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Pen, print and communication in the eighteenth century$
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Caroline Archer-Parré and Malcolm Dick

Print publication date: 2020

Print ISBN-13: 9781789622300

Published to Liverpool Scholarship Online: May 2021

DOI: 10.3828/liverpool/9781789622300.001.0001

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Performance and Print Culture

Performance and Print Culture

Two Eighteenth-Century Actresses and Their Image Control

(p.107) 7 Performance and Print Culture
Pen, print and communication in the eighteenth century

Joanna Jarvis

Liverpool University Press

The middle of the eighteenth century saw a growing interest in the private lives of public figures and a particular style of press reporting began to shine a spotlight on women who displayed a level of autonomy in their lives. This chapter examines how two actresses attempted to counter some of the negative attention that this created. The newspapers began to highlight perceived social transgressions and new publications appeared based almost entirely on gossip. The power of an image was added to this through the popularity of satirical prints and the ability to publish these began to be exploited by some of the new magazines. Each of the two actresses examined attempted to take control of the creation of their public persona, with varying degrees of success.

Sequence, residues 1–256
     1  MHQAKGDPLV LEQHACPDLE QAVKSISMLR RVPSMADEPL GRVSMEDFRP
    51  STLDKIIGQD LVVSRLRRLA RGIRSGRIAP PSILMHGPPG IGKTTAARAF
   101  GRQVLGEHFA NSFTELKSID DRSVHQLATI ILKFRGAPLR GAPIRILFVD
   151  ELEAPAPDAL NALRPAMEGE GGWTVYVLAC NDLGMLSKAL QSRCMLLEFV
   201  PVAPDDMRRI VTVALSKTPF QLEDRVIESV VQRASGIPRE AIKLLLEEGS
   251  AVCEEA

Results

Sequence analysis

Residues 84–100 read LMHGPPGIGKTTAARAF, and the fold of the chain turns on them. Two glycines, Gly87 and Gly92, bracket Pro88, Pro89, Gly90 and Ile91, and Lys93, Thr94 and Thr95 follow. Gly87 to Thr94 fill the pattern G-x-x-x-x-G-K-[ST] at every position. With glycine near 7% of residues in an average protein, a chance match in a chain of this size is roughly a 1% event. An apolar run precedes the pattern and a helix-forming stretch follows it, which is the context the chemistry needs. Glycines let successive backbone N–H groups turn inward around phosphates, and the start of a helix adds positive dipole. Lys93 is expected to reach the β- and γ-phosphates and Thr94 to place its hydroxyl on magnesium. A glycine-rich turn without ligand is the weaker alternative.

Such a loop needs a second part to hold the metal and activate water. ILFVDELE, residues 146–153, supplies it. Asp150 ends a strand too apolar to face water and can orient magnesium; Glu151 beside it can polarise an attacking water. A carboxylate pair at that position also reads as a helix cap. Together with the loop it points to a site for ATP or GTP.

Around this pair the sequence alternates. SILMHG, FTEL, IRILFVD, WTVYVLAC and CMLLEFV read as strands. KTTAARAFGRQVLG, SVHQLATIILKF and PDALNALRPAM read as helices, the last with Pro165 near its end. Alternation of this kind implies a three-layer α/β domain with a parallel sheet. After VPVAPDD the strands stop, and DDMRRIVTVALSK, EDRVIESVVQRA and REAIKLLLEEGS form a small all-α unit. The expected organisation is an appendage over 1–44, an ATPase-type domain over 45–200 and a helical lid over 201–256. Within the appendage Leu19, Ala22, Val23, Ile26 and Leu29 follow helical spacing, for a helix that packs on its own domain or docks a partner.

Keywords:   Actress, Celebrity, Gossip, Public image, Theatre

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